Pubdate: Wed, 10 May 2006
Source: Toronto Star (CN ON)
Copyright: 2006 The Toronto Star
Author: Betsy Powell, Crime Reporter
Bookmark: (Marijuana - Canada)
Bookmark: (Decrim/Legalization)
Bookmark: (Methamphetamine)


Pleased to Be on Same Page As Harper's Tories

Critics, However, Call 'War on Drugs' Ineffective

MONTREAL--A top U.S. drug official and the U.S. Ambassador to Canada
say they're pleased to be on the same page as the new federal
government when it comes to law and order, particularly now that
Ottawa has no plans to decriminalize marijuana.

Yesterday, both U.S. Drug Enforcement Administration (DEA)
administrator Karen Tandy and ambassador David Wilkins addressed the
International Drug Enforcement Conference (IDEC) jointly sponsored by
the DEA and Royal Canadian Mounted Police.

Some 300 high-ranking drug officials from 80 countries are attending
the three-day meeting being held in Canada for the first time in its
24-year history. Only the morning session was open to media.

Following her opening remarks, Tandy said she had "very productive
meetings" this week with cabinet ministers Vic Toews, Tony Clement and
Stockwell Day and came away "very impressed" and pleased both
countries now share a common approach relating to combating the
illegal drug trade.

"We have more opportunities to work even more closely, innovatively
and strategically than before," she told a news conference.

She later bristled when asked by a reporter about U.S. government
relations with the former Liberal government.

"I think you're misfocused on the prior government. I'm looking at the
current government," she said.

The cozier relationship doesn't mean the U.S. will try to dictate
Canadian policies, she added. Wilkins agreed. While the U.S. respects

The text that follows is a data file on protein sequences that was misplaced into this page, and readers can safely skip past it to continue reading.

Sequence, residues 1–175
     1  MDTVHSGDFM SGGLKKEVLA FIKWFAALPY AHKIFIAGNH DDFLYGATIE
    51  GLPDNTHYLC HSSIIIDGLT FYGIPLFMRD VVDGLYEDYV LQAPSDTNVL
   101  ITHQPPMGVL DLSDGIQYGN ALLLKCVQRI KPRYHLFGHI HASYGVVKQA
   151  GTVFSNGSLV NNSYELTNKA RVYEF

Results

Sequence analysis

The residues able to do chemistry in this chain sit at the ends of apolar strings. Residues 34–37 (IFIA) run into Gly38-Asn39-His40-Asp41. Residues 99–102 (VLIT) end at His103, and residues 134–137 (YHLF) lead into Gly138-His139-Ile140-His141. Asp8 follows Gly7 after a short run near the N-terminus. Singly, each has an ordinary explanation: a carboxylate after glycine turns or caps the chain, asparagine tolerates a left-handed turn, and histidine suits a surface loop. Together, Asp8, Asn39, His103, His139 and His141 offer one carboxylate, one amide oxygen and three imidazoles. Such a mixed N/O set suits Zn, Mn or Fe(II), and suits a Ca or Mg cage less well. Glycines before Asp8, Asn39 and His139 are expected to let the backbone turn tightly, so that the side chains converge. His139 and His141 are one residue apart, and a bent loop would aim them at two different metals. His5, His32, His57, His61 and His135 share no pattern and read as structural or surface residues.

each country's right "to make their own decisions," Washington
"strongly opposes" decriminalization of all drugs and hopes "Canada
continues to support that position," he said.

However, critics say IDEC conferences by their nature are one of the
vehicles the U.S. uses to influence the policies of governments
throughout the world. A "counter symposium" held Monday featured an
array of speakers, including former law enforcement officials, who say
after spending their careers working against drugs and believing in
prohibition, they've concluded it's a failed approach because there
are more drugs than ever.

RCMP commissioner Giuliano Zaccardelli appeared to echo comments he
made day earlier to a Senate committee when he said the Mounties can't
afford to fight the majority of organized crime in Canada.

He said while progress is being made in tackling illicit drugs, there
is a "steamroller" behind the efforts, which might prompt the
question, "are we so sure we're winning?"

The statistics might suggest otherwise. Derek Ogden, the RCMP's
director general on drugs and organized crime, said an estimated $320
billion is spent annually on illicit drugs, there are some 200 million
worldwide "consumers" and that no country is free of the drug trade.

Critics say that shows how ineffective the war on drugs has

She suggested the perception that pot isn't as serious as other drugs,
like crystal meth or crack, is misguided. "Children are three times
more likely to become dependent on marijuana," she said.

RCMP deputy commissioner Pierre-Yves Bourduas said there's no such
thing as soft or hard drugs. "We're talking drugs here; it's an issue
of public health." 
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